This order of things is in fact still in place: during the war, Putin appeared in public only a handful of times. This isolation made it almost impossible for Putin, already distrustful and suspicious, to convey an alternative point of view: one that didn't coincide with the views of the special services. As a result, in making the decision to invade Ukraine, Putin relied mostly on reports from his former colleagues, including the "big Fith service" of the FSB (it is called like that in order to distinguish it from the fifth services within the smaller units of the FSB).
Who works in the Fifth service and what did it report to Putin before the war in Ukraine?
The Fifth Service is one of the most closed services in the FSB, sometimes called intelligence because it specializes in gathering information within Russia and the former Soviet Union. The key unit of the Service is the Department of Operational Information, which includes various departments specializing in their areas and a department that deals with Ukraine.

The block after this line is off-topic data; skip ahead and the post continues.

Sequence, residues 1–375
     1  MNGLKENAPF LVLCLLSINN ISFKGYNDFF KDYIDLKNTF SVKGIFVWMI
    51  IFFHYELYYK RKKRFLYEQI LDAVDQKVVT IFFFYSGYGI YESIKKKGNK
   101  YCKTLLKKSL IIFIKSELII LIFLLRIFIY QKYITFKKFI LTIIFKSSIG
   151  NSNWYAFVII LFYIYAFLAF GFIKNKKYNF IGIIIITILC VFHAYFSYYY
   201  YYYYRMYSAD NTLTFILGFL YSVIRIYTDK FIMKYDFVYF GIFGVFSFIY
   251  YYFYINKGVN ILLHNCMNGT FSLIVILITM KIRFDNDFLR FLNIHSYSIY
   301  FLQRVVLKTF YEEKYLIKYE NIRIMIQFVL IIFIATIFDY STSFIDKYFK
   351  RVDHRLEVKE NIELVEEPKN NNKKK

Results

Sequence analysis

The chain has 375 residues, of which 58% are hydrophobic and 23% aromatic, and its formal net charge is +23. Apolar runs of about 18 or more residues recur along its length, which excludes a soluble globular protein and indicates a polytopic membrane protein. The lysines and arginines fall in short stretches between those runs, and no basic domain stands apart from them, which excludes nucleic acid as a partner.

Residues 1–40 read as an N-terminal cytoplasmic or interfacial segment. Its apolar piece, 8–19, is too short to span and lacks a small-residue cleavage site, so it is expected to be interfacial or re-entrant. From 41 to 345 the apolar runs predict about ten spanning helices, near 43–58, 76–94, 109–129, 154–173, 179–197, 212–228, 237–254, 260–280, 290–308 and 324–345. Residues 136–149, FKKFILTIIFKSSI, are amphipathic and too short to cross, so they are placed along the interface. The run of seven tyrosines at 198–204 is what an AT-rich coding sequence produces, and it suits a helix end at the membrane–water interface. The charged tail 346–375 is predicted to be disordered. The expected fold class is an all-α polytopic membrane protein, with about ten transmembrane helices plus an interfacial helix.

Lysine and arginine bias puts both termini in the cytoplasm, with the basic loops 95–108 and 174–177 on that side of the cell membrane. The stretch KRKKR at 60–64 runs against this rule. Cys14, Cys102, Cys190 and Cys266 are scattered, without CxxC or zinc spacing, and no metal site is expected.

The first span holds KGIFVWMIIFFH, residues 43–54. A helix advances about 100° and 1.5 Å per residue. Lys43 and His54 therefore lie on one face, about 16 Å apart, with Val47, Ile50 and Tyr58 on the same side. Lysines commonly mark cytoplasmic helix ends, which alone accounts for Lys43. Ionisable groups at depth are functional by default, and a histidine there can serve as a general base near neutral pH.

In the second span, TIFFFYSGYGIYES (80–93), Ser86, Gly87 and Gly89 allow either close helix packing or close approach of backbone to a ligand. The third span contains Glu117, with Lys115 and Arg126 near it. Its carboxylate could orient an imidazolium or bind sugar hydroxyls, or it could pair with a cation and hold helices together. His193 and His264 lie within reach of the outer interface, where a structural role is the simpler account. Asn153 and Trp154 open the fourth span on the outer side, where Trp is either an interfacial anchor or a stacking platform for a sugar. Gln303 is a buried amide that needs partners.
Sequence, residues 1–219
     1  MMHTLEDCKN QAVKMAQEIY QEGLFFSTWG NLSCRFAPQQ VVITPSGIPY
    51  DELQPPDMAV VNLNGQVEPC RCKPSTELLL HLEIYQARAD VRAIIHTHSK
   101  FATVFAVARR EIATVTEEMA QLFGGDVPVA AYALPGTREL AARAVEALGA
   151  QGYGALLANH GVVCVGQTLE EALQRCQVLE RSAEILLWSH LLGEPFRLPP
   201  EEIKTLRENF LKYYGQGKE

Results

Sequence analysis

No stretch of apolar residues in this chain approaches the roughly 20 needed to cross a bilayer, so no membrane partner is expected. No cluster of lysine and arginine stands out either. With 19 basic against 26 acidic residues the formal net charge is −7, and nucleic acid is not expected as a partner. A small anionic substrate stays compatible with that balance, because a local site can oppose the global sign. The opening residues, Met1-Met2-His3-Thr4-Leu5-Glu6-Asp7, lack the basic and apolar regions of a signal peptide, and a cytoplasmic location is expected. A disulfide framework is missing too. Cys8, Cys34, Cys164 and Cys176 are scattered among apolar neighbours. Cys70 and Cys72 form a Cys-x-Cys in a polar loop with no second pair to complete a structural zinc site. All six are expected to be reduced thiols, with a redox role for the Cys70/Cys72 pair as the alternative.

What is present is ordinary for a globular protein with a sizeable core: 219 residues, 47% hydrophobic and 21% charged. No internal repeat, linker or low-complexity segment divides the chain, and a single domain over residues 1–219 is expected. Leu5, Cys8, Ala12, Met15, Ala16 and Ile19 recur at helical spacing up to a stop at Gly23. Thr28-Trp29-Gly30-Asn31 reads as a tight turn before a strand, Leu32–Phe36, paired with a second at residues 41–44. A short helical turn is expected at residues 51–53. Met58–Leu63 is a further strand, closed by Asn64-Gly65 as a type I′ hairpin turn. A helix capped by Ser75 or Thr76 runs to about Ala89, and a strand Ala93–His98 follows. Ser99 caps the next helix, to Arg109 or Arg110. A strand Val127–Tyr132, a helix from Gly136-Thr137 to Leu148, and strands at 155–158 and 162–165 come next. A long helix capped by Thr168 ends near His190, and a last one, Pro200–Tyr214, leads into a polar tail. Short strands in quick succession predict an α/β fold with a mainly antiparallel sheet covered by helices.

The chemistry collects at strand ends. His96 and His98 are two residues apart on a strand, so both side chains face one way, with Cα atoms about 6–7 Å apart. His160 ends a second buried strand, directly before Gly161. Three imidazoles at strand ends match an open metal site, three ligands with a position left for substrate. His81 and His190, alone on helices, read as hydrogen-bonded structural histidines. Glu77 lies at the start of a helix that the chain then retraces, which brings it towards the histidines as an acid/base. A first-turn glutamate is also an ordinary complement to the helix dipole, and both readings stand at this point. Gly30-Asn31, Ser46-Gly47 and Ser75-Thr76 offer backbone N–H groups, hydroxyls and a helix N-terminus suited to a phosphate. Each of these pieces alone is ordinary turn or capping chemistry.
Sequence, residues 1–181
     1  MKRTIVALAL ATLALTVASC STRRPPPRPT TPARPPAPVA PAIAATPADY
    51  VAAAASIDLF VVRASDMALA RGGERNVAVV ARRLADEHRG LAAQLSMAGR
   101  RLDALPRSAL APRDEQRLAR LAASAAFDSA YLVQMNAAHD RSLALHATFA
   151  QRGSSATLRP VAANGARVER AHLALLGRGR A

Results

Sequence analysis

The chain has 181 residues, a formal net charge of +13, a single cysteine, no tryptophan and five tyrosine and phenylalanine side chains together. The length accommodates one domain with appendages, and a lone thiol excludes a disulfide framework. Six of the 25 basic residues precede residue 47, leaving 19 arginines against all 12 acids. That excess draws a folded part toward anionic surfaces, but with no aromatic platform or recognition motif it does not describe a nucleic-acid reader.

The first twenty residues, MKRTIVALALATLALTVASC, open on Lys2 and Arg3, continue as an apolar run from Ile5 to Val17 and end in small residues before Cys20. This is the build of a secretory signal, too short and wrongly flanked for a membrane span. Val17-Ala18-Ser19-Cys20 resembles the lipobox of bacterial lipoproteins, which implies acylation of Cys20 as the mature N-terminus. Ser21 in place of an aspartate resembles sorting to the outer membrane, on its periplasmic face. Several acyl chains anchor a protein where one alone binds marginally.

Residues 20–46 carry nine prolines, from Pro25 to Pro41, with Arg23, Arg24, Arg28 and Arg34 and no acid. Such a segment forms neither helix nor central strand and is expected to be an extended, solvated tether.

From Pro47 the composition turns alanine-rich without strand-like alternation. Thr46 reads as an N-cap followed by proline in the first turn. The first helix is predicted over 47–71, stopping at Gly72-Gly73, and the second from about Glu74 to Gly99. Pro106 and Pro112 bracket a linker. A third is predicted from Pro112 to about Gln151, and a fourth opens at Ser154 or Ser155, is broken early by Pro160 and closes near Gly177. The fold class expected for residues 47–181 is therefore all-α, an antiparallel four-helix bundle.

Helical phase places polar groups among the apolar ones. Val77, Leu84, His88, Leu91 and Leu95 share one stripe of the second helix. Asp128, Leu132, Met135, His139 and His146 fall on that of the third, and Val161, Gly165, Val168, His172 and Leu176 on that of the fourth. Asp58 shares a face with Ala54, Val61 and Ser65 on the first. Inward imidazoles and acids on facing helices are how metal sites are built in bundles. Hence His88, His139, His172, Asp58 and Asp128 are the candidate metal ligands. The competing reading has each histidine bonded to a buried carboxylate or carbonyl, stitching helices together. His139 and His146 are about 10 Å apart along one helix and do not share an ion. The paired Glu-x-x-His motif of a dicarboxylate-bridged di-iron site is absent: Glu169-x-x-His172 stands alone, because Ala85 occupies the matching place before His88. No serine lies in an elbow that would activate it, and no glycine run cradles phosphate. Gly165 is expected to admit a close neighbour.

The Fifth Service is headed by the influential General Sergey Beseda. His first deputy and at the same time head of the Department is Georgy Grishaev. It was he and his deputy Dmitry Milyutin who were directly responsible for the information that was reported to the Russian leadership on the situation in Ukraine (although, as my sources stipulate, the briefings are written by operational officers — the fault of the leadership is that they checked nothing and accepted at face value any information they deemed convenient).
At the beginning of the war, many media outlets even reported that Beseda and his colleagues were arrested because their information about Ukraine did not correspond to reality. However, four sources told us that this was not the case. "Beseda is untouchable. There are several services in the FSB whose heads are equal to the deputy director: for example, those are the fifth service and the first (engaged in counterintelligence. — Ed.). People like that don't end up in jail," says an acquaintance of Beseda.